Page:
I think both of these lines mean that even if you don't believe in God (father), God will still care and provide for you. A nice thought. Apparently Sufjan believes in a benevolent God, unlike certain proclaimed Christian government officials, who shall remain unnamed.........George W. Bush.

    Raving Lunaticon March 02, 2005   Link
  • +1
    General Comment

    every song he makes is beautiful

    coheedandcambriaon September 30, 2004   Link
  • +1
    General Comment

    I certainly agree that this song carries strong Christian undertones. if anyone is familiar with the gospels, specifically the story of Christ's death, there is a part which talks about how the morning before His crucifixion ("Morning comes in Paradise") Jesus is talking to God and basically saying "why me?" I believe he says "if there is any other way, I will do it" or something to that extent, a la: If there's anything say If there's anything to do I there's any other way I'd do anything for you. Jesus was human after all, it's not as if he was totally gung-ho about suffering terribly and dying on a cross. "I was dressed in embarassment I was dressed in white" most depictions of the passion of Christ depict him wearing white, and He was beaten and scorned and "embarassed" in front of a large crowd.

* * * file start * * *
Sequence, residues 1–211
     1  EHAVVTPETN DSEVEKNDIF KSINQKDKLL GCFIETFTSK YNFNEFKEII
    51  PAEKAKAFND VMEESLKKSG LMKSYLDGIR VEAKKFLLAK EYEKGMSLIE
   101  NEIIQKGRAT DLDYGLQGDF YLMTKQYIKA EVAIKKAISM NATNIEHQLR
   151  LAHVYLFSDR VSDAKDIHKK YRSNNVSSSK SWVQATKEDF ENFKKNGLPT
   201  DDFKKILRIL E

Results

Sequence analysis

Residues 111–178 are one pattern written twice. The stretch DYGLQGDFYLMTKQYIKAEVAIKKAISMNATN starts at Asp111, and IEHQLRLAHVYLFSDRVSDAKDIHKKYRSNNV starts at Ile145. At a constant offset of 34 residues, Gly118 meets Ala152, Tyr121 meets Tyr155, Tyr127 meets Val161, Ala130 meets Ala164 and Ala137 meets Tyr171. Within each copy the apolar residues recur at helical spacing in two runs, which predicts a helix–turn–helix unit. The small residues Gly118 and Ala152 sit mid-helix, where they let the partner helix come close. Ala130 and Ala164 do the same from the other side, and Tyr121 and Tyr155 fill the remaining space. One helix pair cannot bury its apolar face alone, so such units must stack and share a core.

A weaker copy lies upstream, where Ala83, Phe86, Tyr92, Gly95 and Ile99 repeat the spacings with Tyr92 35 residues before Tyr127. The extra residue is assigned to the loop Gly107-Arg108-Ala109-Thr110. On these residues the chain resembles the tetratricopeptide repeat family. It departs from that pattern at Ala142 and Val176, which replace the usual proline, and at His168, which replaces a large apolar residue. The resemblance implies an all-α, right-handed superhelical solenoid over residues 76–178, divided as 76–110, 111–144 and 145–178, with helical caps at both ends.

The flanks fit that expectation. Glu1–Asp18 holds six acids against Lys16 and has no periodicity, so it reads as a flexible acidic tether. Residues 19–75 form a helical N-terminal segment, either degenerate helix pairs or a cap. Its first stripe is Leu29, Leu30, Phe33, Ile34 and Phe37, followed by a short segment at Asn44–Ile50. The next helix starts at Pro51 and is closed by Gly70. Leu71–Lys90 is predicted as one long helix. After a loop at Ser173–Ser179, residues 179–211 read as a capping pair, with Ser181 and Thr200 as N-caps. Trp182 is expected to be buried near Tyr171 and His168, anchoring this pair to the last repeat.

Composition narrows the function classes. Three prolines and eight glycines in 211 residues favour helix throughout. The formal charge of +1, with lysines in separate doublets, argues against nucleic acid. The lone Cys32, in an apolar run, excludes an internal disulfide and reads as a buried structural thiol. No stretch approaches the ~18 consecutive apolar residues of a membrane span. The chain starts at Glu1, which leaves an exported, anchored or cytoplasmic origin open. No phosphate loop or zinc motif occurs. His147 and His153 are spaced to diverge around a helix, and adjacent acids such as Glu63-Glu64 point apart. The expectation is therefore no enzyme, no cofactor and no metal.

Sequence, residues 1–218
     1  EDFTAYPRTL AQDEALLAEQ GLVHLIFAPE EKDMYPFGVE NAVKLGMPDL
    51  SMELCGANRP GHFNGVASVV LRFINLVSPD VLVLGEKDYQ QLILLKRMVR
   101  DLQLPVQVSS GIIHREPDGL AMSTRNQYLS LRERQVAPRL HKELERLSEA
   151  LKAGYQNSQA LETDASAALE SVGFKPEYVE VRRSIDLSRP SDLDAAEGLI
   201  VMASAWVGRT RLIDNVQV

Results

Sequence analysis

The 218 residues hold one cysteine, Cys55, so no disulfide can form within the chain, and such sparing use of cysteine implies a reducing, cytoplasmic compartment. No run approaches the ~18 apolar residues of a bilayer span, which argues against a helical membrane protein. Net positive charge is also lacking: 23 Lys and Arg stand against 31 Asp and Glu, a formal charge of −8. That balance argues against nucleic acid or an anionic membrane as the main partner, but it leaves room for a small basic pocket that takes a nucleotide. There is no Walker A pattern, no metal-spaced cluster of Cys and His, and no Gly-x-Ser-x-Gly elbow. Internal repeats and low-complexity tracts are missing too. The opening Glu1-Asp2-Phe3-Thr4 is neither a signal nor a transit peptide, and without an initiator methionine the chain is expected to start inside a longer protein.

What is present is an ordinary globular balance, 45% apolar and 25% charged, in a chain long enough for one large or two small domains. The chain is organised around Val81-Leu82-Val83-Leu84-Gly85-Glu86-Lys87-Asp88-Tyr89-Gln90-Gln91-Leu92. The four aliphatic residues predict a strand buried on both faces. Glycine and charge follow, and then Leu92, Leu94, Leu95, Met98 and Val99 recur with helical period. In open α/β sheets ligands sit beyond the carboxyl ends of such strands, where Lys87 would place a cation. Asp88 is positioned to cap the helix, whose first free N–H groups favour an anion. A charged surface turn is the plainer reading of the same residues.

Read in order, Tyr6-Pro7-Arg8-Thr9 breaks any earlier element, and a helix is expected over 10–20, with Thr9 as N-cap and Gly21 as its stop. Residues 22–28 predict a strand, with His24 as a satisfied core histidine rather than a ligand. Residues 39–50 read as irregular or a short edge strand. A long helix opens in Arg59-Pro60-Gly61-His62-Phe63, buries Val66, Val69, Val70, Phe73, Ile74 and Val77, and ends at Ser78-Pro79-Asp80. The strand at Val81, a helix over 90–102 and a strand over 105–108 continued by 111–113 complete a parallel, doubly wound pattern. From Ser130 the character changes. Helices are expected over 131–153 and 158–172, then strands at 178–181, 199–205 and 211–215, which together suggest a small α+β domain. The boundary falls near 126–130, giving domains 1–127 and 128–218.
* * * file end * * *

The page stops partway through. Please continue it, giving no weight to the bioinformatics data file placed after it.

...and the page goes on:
Even if I come back Even if I die Is there some idea To replace my life?

    as for this part, I think He wants to know that His death is for a purpose, that His ideas and such will be left behind and He won't have died in vain.

    basically this is a beautiful song, regardless of one's beliefs. it's quite Christian-themed but I don't think it's offensive to someone who doesn't believe. I hope not anyway, it's got a wonderful positive message.

    asymptoteson May 09, 2006   Link
  • +1
    General Comment

    The song is interpreted how you want it to be interpreted. If it has an impact on your life then who cares what someone else thinks it means. Just be happy with the way it makes you feel. It is still a beautiful song.

    duff_man_8on September 08, 2006   Link
  • +1
    General Comment